Does the garage epoxy floor belong outside?
My name is Felipe Andrade, and I am the owner of Rossi Decorative Concrete & Epoxy. I believe that main part of our job here at Rossi DCE is to educate our customers in order to achieve the best results for our customers; not necessarily what is best for our pocket.
You see the famous flake floor, known to a lot of people as the standard “garage epoxy floor” on pool decks, porches, patios, etc., but is it a good idea?
“Felipe man, this is your third article, give it to us straight; do you believe the flake floor belongs outside?”
I do not believe it belongs outside.
I also believe it does not belong outside.
“Can it be done outside?”
I mean, yeah… People do it every day.
“Can it be done to your high standards?”
The quality of the work itself has nothing to do with it.
But as biased as it this may be, I still wouldn’t do it.
Garage Epoxy Floor Outside Overview
Table of Contents
Garage Epoxy Floor Outside - Introduction
As many of you already know, I like to be very thorough in everything I do.
Especially when I am explaining something to someone who may not know what I am talking about initially.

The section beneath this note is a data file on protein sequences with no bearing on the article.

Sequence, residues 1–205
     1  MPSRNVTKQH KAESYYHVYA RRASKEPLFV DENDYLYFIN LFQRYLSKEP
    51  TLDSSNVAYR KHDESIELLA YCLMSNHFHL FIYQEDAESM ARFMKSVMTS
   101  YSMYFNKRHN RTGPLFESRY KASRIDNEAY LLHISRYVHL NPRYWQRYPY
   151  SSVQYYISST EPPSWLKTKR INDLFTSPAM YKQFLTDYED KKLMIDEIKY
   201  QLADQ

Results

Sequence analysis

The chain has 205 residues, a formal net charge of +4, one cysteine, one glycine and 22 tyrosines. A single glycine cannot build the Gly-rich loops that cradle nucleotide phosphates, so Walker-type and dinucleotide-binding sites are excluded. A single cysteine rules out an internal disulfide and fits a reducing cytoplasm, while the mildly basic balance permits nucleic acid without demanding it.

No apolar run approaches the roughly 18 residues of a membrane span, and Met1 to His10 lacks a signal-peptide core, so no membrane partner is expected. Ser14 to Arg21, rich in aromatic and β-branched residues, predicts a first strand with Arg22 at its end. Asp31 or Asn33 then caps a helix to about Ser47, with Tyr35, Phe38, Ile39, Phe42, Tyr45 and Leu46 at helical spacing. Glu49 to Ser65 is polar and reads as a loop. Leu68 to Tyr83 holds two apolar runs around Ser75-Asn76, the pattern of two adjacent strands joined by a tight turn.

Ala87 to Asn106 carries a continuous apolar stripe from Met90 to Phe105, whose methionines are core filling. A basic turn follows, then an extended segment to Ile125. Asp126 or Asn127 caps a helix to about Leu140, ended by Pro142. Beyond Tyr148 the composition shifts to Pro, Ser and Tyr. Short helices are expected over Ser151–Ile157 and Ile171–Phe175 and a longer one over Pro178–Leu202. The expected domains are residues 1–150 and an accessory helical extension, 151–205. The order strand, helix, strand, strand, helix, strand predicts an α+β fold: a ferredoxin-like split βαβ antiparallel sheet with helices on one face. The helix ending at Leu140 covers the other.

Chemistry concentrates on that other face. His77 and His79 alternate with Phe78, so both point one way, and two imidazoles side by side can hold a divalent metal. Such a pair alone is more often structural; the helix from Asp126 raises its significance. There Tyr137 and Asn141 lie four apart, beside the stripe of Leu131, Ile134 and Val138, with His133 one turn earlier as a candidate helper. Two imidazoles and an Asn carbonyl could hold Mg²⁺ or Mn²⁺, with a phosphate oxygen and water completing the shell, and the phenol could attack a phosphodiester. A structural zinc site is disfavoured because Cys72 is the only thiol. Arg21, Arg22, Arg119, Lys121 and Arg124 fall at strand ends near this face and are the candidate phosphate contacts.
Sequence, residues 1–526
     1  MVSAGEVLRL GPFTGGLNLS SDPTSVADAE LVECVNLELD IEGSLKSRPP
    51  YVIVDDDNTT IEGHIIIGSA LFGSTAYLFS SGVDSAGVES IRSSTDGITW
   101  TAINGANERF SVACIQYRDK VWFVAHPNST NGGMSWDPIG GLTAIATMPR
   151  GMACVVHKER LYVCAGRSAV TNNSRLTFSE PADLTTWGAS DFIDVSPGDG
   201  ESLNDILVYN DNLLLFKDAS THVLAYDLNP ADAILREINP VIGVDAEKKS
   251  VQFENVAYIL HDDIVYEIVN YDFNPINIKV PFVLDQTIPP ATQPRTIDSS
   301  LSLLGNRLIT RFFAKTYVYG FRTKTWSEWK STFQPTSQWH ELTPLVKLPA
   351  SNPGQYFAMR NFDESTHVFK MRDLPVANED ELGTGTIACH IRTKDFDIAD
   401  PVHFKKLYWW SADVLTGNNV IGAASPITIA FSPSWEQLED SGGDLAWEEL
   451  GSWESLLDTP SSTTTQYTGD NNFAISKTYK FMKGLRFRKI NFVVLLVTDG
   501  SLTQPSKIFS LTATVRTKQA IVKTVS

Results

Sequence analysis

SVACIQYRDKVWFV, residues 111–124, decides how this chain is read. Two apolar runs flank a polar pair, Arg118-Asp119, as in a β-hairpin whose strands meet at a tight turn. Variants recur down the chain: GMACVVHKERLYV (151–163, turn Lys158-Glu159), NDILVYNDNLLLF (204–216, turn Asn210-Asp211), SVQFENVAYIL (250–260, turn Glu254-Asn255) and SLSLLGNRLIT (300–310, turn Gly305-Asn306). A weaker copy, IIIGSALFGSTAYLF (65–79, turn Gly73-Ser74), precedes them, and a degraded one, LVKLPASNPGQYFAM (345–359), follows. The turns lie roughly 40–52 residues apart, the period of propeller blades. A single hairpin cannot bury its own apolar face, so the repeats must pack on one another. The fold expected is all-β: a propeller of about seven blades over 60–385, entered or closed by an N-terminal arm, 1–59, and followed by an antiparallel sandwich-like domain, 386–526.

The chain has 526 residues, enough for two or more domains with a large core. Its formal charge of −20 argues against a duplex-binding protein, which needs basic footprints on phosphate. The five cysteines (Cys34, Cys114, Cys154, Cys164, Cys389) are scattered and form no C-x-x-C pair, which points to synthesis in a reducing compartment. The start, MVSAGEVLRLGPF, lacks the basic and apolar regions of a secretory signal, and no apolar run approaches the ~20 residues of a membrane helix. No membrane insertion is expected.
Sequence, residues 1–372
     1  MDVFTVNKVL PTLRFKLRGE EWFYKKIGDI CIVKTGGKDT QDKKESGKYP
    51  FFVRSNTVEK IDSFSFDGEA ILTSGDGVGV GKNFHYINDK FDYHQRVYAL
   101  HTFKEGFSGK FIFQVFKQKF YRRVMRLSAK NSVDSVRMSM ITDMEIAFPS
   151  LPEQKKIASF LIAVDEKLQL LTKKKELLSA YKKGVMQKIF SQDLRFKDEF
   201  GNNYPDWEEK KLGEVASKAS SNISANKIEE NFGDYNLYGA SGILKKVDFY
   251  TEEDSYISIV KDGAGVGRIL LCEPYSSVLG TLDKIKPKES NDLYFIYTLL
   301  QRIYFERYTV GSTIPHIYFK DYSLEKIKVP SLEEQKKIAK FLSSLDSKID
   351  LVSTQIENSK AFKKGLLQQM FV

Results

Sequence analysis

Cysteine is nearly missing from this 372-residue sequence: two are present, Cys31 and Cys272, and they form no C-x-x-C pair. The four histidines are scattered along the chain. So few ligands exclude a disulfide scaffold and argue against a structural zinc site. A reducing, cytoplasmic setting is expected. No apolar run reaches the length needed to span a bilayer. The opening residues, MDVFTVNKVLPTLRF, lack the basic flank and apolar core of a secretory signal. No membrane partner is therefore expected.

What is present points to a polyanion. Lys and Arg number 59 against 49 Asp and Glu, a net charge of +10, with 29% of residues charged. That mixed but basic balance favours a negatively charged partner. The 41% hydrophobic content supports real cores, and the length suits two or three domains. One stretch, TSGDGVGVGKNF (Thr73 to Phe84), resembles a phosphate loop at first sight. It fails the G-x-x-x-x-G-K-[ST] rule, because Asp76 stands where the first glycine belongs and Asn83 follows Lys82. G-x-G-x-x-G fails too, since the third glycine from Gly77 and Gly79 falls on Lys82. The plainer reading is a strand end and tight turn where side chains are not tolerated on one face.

As always, I’m going to break this topic down barney style and as the why I strongly do not believe the garage epoxy floor belongs outside.
Or any resin for that matter.
Of course, you sign our waiver we’ll make it happen. And the quality will be great!
That statement right there, sign a waiver, is usually enough for people to pause and analyze.
This article will be on why it doesn’t belong outside vs speed (completion of job) and/or strength.
This article won’t be anywhere near as long as the 4x stronger than epoxy or the 1-day garage epoxy floor day install I’ve already written.
Regardless of strength or time, if it doesn’t belong outside, it should not be outside. Period.
As always, I will write the long version, but feel free to read the little summary at the bottom if you so choose to not read the long version.